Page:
RESEARCH ARTICLES | RISK + CRYSTAL BALL + ANALYTICS

Let the battle begin anew. We continue our journey in uncertainty modeling, having understood how to fit distributions to data using Crystal Ball (CB). How does that experience compare to what ModelRisk (MR) has to offer?

Open the Duke 09_10 Scores spreadsheet with ModelRisk loaded in the Excel environment. We will first create the MR Objects representing the fitted PDFs. (Just as with the CB exercise, it is good practice to examine a variety of best-fitting distributions, rather than blindly accepting the top dog.) Then, in distinctly separate cells, we will create the VoseSimulate functions that behave as sampled values from the PDFs modeled by the MR Objects.

As with Crystal Ball, ModelRisk has the ability to fit distributions to historical data. The analyst looking to describe the variation of a Monte Carlo Analysis input can use "fitting" windows to select data and manipulate other options. How does the ModelRisk (MR) fitting experience stack up against the Crystal Ball (CB) methods and options? There are some important differences one should understand about MR before fitting PDFs to the Duke 09_10 Scores spreadsheet.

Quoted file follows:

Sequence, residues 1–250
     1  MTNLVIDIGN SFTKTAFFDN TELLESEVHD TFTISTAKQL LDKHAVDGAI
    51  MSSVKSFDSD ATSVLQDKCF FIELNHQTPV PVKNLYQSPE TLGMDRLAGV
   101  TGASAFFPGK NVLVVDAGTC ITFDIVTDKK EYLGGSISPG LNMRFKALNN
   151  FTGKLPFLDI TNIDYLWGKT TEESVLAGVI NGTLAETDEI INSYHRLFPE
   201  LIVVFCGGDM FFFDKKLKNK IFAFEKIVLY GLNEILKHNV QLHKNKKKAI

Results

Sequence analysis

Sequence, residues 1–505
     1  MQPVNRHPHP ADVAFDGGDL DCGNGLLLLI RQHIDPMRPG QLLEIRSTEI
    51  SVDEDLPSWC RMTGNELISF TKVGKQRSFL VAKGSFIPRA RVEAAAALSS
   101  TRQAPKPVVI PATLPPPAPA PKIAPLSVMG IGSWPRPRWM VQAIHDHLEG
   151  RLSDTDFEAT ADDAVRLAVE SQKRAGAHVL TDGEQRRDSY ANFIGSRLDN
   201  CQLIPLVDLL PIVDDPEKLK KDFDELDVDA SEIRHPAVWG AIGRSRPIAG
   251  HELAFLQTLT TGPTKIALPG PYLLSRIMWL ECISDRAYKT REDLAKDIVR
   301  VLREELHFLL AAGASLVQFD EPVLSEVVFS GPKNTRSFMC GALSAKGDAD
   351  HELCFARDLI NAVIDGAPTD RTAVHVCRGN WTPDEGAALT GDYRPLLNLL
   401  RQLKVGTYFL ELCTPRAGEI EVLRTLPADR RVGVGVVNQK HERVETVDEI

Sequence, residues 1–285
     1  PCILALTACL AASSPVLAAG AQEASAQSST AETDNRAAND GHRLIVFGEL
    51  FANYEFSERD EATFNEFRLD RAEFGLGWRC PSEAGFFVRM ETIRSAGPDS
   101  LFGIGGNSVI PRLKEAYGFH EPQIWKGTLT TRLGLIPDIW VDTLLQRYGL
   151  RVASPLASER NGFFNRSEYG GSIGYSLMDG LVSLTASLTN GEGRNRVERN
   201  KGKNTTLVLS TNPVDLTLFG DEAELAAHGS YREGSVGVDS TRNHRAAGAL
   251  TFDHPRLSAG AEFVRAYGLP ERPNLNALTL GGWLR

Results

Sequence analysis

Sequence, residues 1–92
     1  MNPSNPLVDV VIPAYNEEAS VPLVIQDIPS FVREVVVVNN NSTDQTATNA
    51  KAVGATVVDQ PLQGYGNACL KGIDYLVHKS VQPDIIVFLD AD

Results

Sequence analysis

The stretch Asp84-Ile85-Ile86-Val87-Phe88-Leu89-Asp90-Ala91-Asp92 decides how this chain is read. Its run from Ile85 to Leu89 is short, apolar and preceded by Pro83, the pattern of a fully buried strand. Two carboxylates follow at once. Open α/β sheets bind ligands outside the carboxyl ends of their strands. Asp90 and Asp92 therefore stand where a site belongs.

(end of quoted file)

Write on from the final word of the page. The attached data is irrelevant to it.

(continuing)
As with Crystal Ball, ModelRisk has the ability to fit distributions to historical data. The analyst looking to describe the variation of a Monte Carlo Analysis input can use "fitting" windows to select data and manipulate other options. How does the ModelRisk (MR) fitting experience stack up against the Crystal Ball (CB) methods and options? There are some important differences one should understand about MR before fitting PDFs to the Duke 09_10 Scores spreadsheet.

Are there discrete univariate probability distribution functions (PDFs) that can be used to simulate college basketball scores? Do we, as avid basketball observers, know enough to suggest one discrete PDF is better than another? In fitting distributions to data in your business problems, the analyst will be asking the same types of questions. If the analyst is not an expert on the inputs and their behavior, he or she should seek out a subject-matter expert (SME) who can provide insight. Putting experience and theoretical knowledge together this way is a best practice for distribution selection.

Are there discrete univariate probability distribution functions (PDFs) that can be used to simulate college basketball scores? Do we, as avid basketball observers, know enough to suggest one discrete PDF is better than another? In fitting distributions to data in your business problems, the analyst will be asking the same types of questions. If the analyst is not an expert on the inputs and their behavior, he or she should seek out a subject-matter expert (SME) who can provide insight. Putting experience and theoretical knowledge together this way is a best practice for distribution selection.

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